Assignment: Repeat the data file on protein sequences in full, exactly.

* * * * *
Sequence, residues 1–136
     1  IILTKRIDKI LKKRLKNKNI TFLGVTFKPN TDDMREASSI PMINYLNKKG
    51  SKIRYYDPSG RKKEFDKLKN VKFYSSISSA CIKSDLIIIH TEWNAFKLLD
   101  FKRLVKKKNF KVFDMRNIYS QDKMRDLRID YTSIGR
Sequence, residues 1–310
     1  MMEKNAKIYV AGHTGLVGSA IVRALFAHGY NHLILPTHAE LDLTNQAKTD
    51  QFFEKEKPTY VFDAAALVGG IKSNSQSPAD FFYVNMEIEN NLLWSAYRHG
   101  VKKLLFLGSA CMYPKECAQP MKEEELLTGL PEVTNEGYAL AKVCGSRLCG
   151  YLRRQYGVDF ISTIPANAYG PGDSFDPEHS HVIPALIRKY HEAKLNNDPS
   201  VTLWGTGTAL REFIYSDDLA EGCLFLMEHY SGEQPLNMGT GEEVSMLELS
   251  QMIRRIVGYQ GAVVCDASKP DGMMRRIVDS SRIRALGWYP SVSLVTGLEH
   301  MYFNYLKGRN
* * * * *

Sequence, residues 1–136
     1  IILTKRIDKI LKKRLKNKNI TFLGVTFKPN TDDMREASSI PMINYLNKKG
    51  SKIRYYDPSG RKKEFDKLKN VKFYSSISSA CIKSDLIIIH TEWNAFKLLD
   101  FKRLVKKKNF KVFDMRNIYS QDKMRDLRID YTSIGR
Sequence, residues 1–310
     1  MMEKNAKIYV AGHTGLVGSA IVRALFAHGY NHLILPTHAE LDLTNQAKTD
    51  QFFEKEKPTY VFDAAALVGG IKSNSQSPAD FFYVNMEIEN NLLWSAYRHG
   101  VKKLLFLGSA CMYPKECAQP MKEEELLTGL PEVTNEGYAL AKVCGSRLCG
   151  YLRRQYGVDF ISTIPANAYG PGDSFDPEHS HVIPALIRKY HEAKLNNDPS
   201  VTLWGTGTAL REFIYSDDLA EGCLFLMEHY SGEQPLNMGT GEEVSMLELS
   251  QMIRRIVGYQ GAVVCDASKP DGMMRRIVDS SRIRALGWYP SVSLVTGLEH
   301  MYFNYLKGRN